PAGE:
Theatre in Wales

Theatre, dance and performance reviews

New Writing Productions: Part 1


Richard Burton Company- Growth/ Ring Ring , Richard Burton Theatre RWCMD , April 4, 2015
At RWCMD by Richard Burton Company- Growth/ Ring Ring “Growth” has a lot going for it. It is of the Mike Bartlett school of writing. It has a subject that is novel and distinctive. It has two moments of genuine theatricality. Director Sean Linnen sets it off at a tremendous pace. Its Bartlettian concision means no speeches, no characters raking around reminiscences in place of action, no-one press-ganged as spokespersons for unremarkable authorial personal opinion.

The ten square metre stage has its audience facing on two sides. Those in the front row opposite can be seen clearly. They wriggle at a scene of intimate contact played out three feet away. “Growth” hits and that is good. Luke Norris also knows how to close a scene with a line that echoes. He has an instinct for theatre and that cannot be faked.

With neither set nor prop “Growth” is propelled by the energy of its writing and the acting of its cast of six. Ellie Heydon, Nina Shenkman, Melanie Stevens, Jonny Holden, Oliver Morgan-Thomas and Sam Ward are a pleasure to watch. In acting, as in all activity, there is that point where practitioners go beyond the application of technique. They move to ease, or rather the illusion of ease. That is the point to which the RWCMD’s tutors and Sean Linnen has taken his actors.

Most of the play is set in the private world. The world of trainers and loose-hanging shirts feels like that of genuine twenty-something year olds. Two scenes play out in the public world and the script loses it, completely. When dialogue has to move to topicality- Tennant versus Capaldi- it’s padding. The script posits a cancer patient treating a Consultant with a mixture of aggression and cockiness. It is simply not like that. No cancer consultation ever ended “You can go now. You can leave.” For the overwhelming majority a positive indication shatters that sense of invulnerability. Maybe the author spoke to doctors and it may be like that. But if not, writers need to get out in the world. Nothing real was ever made sitting indoors with windows sealed.

The form of “Growth” has its lead character Tobes in a series of two character scenes. It is a form that Simon Stephens has used and before him Wolfgang Borchert. As a structure it was invented by Arthur Schnitzler for his first play “Anatol” in 1893. “Ring Ring” uses the form that Schnitzler developed four years later for “Reigen”. Michael John LaChiusa's musical from the same source was performed with some aplomb by RWCMD in February 2010. Panahi took the same form for “the Circle” his 2000 film of great power. These makers all bring a unity to their work whether it be Schnitzler’s metaphor for the transmission of syphilis or Panahi’s picture of a universal male cruelty and misogyny. A first principle of composition is that a work be shaped as a unity.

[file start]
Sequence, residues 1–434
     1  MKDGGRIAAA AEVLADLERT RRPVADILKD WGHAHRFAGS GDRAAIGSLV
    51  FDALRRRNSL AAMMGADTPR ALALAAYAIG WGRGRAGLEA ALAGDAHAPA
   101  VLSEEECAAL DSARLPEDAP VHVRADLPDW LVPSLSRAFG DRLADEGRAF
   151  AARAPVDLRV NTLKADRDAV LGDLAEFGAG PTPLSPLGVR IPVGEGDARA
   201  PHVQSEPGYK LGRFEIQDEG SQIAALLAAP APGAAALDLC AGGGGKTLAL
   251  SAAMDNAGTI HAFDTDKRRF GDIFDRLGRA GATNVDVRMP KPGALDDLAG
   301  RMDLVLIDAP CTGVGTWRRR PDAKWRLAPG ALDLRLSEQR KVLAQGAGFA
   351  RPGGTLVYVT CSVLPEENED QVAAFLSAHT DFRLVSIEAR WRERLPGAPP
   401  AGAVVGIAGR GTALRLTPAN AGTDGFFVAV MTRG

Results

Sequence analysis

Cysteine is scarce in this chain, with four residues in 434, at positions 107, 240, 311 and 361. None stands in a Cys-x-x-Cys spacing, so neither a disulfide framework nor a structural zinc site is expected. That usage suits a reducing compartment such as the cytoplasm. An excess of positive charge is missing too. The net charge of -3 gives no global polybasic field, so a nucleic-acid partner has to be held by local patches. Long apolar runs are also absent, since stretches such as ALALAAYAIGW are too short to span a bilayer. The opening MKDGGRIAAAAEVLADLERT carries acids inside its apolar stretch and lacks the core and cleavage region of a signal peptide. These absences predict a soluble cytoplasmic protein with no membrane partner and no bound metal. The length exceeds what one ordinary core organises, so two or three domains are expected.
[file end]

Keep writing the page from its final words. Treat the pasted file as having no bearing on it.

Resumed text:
“Ring Ring” displays no apparent unity. The string of encounters makes a random collection The script does not stick by the discipline of its form. A lonely schoolboy becomes a smart debater of student maturity. A youngish man at a career bottleneck becomes a father shelling out for an after-hours tutor at a rate of fifty pounds an hour. Even if that fifty pounds an hour has been researched it just rings false. This is a kind of writing has a sheen to it of being streetwise, that may impress commissioners of mid years and herbivore temperament. It knows that the only legal way to get ketamine is via a vet’s prescription. In fact it looks as if that is the reason why one character is made a vet. The language has a limited palette across age and occupation so that the vet can only declare something “horrible” with the preface of “f---ing horrible.”

A young woman ends a scene by splaying herself to a wall for sex without delicacy or preparation. Yet it connects little with what has gone before. Luke Norris’ talent at knowing how to end a scene is fresh in the memory. Most of the scenes have little action to them, small dynamic between enacted persons. In its place are familiars. Brand names include Starbucks, Tesco, Costa, Peppa Pig. Characters go in for reminiscence over action. “I remember waking up when I was little…” etc “ Another remembers lying on a hospital bed in Burma.

The edgy gaps and silences that are the truth of relations between humans are absent. In their place are “You’ve never been willing to learn from me and now it’s too late” and “there’s no unexpected intimacy between us” and “honesty is always good, isn’t it?” Language like this drains scenes of any vitality. Even “What do you mean?” gets its outing.

The action ends with the characters lined up and assaulting a chugger. It makes little sense either as action in itself or as a climax to what has preceded. There is some directorial gimmickry in the form of echo effects to similar unintegrated effect. The cast of ten young people is wholly admirable.

Postscript: A look to Doollee Playwrights is revealing. Of Luke Norris: “His recent work as an actor include As You Like It and Hamlet (RSC); Orpheus Descending (Royal Exchange) and Antigone (National Theatre).” Actors know the first principle of writing for performance is to write for performance.

Reviewed by: Adam Somerset

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